Dysregulated Notch signalling has been linked to aberrant human and mouse wound healing and our previous work linked aberrant Notch activity with human keloid formation, however, the mechanistic detail or the site of action was unknown9,15,46,47,48. Here, using genetic and chemical tools to modulate Notch activity17,30,49, we have shown that Notch1 activity in epidermal keratinocytes has an essential temporal role in the wound-healing process through action on dermal immune cell recruitment and activation (Fig. 8). These findings are important, as it is clear that correct entry and exit of immune cells is essential for conventional repair. Notch1 levels were highest in the inflammatory and proliferation phases of the wound response, and during the later remodelling phase when the epithelium has closed2, Notch1 activity returns to levels detected in UW. Jagged1 and Jagged2 are similarly upregulated after injury and Jagged1 protein was detected in the epidermis adjacent to wounds, suggesting that Notch is activated through classical ligand–receptor interactions in wound repair. Reducing epidermal Notch1 activity inhibits wound closure and innate immune cell recruitment, and activating Notch1 in the epidermis without tissue or barrier damage is sufficient to drive expression of TNFα, CXCL13 and CCL20 in the skin and induce recruitment of ILC3s (Fig. 8).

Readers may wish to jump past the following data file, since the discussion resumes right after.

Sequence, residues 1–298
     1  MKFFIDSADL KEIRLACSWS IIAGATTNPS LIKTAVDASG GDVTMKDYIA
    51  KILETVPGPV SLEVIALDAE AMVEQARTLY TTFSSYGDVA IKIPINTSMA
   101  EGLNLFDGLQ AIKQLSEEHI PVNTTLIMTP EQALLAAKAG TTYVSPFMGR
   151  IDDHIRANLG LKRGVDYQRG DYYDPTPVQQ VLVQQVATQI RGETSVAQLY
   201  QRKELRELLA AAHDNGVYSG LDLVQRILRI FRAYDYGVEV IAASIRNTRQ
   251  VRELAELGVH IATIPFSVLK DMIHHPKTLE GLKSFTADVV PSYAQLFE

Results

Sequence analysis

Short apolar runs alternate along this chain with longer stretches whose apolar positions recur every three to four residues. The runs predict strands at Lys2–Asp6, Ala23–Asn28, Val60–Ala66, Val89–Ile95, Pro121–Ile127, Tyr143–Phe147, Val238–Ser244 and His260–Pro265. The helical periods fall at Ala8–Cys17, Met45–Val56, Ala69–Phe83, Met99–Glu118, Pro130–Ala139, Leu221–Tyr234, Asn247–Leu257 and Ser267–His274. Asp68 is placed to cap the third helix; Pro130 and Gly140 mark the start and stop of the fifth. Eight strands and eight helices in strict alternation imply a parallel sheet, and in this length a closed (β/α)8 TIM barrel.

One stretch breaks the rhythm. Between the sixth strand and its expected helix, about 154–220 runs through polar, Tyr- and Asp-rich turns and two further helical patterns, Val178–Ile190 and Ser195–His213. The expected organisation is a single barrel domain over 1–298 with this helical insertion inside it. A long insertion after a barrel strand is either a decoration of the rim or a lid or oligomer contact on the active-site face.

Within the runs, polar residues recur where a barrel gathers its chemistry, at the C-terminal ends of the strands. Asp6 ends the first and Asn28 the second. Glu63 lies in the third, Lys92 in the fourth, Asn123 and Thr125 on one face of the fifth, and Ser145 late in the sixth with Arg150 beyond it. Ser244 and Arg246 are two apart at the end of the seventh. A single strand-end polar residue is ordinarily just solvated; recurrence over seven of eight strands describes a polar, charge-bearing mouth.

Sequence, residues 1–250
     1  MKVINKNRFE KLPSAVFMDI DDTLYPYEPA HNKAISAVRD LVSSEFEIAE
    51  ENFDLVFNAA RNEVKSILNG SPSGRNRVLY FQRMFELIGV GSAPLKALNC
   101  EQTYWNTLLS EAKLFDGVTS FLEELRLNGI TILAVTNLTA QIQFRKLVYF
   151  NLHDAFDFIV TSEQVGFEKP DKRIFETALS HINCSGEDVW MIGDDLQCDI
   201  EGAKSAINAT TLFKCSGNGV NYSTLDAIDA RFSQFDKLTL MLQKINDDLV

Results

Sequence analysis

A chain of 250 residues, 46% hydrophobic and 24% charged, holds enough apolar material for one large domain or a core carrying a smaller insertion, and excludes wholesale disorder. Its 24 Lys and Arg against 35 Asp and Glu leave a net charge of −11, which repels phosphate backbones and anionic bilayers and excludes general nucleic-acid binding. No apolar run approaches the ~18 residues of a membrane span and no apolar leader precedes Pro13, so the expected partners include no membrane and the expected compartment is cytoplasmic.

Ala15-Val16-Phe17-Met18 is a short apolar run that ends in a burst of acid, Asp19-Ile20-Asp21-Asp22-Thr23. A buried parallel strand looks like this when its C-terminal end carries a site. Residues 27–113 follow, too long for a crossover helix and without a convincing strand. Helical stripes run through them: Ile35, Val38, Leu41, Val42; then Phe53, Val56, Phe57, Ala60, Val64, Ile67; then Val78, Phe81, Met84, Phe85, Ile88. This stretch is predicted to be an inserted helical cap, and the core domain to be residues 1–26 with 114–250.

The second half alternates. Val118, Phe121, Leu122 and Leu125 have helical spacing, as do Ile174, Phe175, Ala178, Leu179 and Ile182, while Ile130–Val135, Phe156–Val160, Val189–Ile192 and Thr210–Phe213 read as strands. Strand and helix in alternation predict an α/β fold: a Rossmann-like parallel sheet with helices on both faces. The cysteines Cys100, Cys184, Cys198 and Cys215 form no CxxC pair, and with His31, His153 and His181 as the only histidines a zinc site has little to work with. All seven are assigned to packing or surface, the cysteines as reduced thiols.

Consistent with our findings using NRR1 blocking antibodies, wound healing is also impaired in Notch1+/− mice; Notch1+/− mice have reduced levels of TNFα and fewer F4/80+ macrophages near the site of injury45. The authors conclude these defects arise from loss of Notch1 activity in macrophages and inhibition of macrophage cytokine production45,50. However, our results suggest that reduced Notch signalling in epithelial keratinocytes in Notch1+/− mice likely contributes to wound-healing defects. In our experiments, whole skin protein lysates were used and as such some cleaved Notch1 protein may come from macrophages, although the contribution is likely to be minimal. In situ antibody labelling showed strong nuclear expression of active Notch1 that was detected throughout the epidermis in the inflammatory phase. Moreover, at 7 dpw, when Notch1 levels decreased in wounds as detected by protein blotting, macrophages are still persistent within the dermis.